German-born American Hudson River School Painter, 1830-1902
Bierstadt was born in Solingen, Germany. His family moved to New Bedford, Massachusetts, in 1833. He studied painting with the members of the D??sseldorf School in D??sseldorf, Germany from 1853 to 1857. He taught drawing and painting briefly before devoting himself to painting.
Bierstadt began making paintings in New England and upstate New York. In 1859, he traveled westward in the company of a Land Surveyor for the U.S. government, returning with sketches that would result in numerous finished paintings. In 1863 he returned west again, in the company of the author Fitz Hugh Ludlow, whose wife he would later marry. He continued to visit the American West throughout his career.
Though his paintings sold for princely sums, Bierstadt was not held in particularly high esteem by critics of his day. His use of uncommonly large canvases was thought to be an egotistical indulgence, as his paintings would invariably dwarf those of his contemporaries when they were displayed together. The romanticism evident in his choices of subject and in his use of light was felt to be excessive by contemporary critics. His paintings emphasized atmospheric elements like fog, clouds and mist to accentuate and complement the feel of his work. Bierstadt sometimes changed details of the landscape to inspire awe. The colors he used are also not always true. He painted what he believed is the way things should be: water is ultramarine, vegetation is lush and green, etc. The shift from foreground to background was very dramatic and there was almost no middle distance
Nonetheless, his paintings remain popular. He was a prolific artist, having completed over 500 (possibly as many as 4000) paintings during his lifetime, most of which have survived. Many are scattered through museums around the United States. Prints are available commercially for many. Original paintings themselves do occasionally come up for sale, at ever increasing prices. Related Paintings of Albert Bierstadt :. | The Marina Piccola | Mountain of the Mist | California Redwoods | Figures_in_a_Hudson_River_Landscape | Deer and River |
Related Artists:George Henry Durrie
American Painter, 1820-1863,American painter. Durrie and his older brother John (1818-98) studied sporadically from 1839 to 1841 with the portrait painter Nathaniel Jocelyn. From 1840 to 1842 he was an itinerant painter in Connecticut and New Jersey, finally settling permanently in New Haven. He produced c. 300 paintings, of which the earliest were portraits (e.g. Self-portrait, 1839; Shelburne, VT, Mus.); by the early 1850s he had begun to paint the rural genre scenes and winter landscapes of New England that are considered his finest achievement. His landscapes, for example A Christmas Party (1852; Tulsa, OK, Gilcrease Inst. Amer. Hist. & A.), are characterized by the use of pale though cheerful colours and by the repeated use of certain motifs: an isolated farmhouse, a road placed diagonally leading the eye into the composition, and a hill (usually the West or East Rocks, New Haven) in the distance. By the late 1850s Durrie's reputation had started to grow, and he was exhibiting at prestigious institutions, such as the National Academy of Design. In 1861 the firm of Currier & Ives helped popularize his work by publishing prints of two of his winter landscapes,George Hayward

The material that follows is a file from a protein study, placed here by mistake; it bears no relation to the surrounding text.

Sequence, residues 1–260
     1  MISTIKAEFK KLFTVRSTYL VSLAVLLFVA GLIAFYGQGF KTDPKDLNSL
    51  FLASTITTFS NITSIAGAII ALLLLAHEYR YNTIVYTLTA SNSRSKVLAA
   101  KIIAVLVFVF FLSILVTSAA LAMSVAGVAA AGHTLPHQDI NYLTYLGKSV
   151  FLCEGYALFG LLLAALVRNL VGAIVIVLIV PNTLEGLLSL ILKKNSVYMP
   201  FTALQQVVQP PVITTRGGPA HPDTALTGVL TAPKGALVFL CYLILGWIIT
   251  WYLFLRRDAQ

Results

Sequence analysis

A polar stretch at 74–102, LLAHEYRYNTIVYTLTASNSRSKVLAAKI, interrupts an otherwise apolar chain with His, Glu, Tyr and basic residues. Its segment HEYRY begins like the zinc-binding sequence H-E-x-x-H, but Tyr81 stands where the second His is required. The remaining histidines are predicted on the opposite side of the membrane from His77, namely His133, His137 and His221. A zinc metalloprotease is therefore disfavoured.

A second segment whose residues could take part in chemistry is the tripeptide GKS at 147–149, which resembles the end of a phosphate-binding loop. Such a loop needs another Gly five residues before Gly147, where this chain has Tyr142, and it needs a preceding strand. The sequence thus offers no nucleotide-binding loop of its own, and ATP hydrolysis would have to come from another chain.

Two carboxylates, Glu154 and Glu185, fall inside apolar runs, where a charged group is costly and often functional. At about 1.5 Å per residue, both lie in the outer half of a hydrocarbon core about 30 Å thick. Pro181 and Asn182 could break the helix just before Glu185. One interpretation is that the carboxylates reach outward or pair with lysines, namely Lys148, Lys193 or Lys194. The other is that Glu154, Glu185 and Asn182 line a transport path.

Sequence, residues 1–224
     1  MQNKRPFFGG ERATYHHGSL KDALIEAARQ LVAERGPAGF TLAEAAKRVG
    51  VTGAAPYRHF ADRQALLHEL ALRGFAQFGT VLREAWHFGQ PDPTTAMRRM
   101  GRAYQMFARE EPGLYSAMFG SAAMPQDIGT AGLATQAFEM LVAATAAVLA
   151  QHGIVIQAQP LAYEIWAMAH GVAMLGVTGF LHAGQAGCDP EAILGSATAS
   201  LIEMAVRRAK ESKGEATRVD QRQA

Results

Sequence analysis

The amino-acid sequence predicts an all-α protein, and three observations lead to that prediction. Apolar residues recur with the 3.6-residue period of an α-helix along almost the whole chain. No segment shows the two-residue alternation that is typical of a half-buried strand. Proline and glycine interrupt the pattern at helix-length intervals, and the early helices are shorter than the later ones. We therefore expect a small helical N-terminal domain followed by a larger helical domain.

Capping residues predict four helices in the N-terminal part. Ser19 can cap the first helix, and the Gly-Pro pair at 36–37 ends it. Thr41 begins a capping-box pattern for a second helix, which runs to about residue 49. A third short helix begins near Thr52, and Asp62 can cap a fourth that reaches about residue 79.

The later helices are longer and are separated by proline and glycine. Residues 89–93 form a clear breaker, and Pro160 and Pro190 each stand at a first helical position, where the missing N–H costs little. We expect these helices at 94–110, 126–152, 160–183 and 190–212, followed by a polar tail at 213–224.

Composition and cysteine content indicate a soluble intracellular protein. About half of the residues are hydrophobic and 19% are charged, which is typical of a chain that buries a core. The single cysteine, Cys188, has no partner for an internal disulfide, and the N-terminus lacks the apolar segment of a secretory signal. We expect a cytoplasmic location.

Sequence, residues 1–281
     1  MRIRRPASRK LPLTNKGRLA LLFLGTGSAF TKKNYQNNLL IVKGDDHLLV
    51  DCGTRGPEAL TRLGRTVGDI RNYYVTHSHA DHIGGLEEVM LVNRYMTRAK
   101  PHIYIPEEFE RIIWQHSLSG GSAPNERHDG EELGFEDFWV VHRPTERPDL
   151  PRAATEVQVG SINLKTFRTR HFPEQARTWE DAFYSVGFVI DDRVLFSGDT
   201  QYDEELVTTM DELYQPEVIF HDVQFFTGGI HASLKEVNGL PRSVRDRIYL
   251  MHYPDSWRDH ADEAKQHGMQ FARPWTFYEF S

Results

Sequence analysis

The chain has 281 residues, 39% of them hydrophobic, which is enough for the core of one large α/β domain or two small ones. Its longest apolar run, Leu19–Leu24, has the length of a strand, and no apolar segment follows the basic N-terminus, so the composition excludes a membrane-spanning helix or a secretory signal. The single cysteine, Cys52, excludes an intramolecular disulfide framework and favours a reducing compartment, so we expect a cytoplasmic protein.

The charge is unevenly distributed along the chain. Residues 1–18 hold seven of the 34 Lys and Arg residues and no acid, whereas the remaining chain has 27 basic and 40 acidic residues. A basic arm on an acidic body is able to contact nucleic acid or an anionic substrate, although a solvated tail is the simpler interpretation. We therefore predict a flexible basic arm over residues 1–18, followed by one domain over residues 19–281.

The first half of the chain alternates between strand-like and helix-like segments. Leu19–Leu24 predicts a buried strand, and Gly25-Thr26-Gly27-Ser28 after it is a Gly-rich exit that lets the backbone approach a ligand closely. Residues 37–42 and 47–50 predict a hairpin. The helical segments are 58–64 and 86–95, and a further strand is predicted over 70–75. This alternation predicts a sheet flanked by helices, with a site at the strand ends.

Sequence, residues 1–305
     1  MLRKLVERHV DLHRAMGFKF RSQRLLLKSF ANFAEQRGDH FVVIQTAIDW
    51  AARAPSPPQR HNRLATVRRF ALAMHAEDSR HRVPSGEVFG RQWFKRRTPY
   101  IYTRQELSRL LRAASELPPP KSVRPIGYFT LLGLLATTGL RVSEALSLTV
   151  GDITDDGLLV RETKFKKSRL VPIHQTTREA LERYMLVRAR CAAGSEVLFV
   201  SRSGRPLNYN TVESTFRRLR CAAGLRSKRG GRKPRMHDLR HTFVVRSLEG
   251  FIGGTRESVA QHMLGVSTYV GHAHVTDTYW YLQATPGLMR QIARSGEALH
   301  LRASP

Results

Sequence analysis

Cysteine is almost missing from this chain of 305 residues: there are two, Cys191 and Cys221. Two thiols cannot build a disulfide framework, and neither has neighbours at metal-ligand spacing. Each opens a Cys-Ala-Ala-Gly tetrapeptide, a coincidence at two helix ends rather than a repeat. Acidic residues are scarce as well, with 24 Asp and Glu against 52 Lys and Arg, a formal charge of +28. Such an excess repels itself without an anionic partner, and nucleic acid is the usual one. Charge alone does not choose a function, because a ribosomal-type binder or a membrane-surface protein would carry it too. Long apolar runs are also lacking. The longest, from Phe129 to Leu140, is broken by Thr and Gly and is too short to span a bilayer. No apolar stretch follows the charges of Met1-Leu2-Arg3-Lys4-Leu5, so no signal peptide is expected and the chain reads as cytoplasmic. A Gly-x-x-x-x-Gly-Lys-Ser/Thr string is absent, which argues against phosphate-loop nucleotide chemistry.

(1872 - 21 January 1905) was a Scottish painter born in Invergordon, Ross and Cromarty.
He was educated in Aberdeen, and, whilst apprenticed for over six years as lithographer to Messrs Gibb & Co., attended the night classes at Gray's School of Art. He then entered the Royal Scottish Academy, and in the first year took the Stuart prize for figure painting, the Chalmers painting bursary, and the Maclame-Walters medal for composition.
After two years in Paris under J. P. Laurens and Benjamin-Constant at Julian's atelier, he settled in Aberdeen in 1894 as a portrait painter and political cartoonist. A portrait of Mr. W. D. Ross first drew attention to his talent in 1896, and in the following year he scored a marked success at the Royal Academy with his Fantaisie en Folie, which he bequeathed to the National Gallery of British Art (now the Tate gallery). Two of his paintings, Twixt Sun and Moon and Childhood of St. Anne of Brittany, were at the Venice municipal gallery. Brough's art was influenced by Henry Raeburn and by modern French training, but it strikes a very personal note.
Brough died from injuries received in a railway disaster in 1905.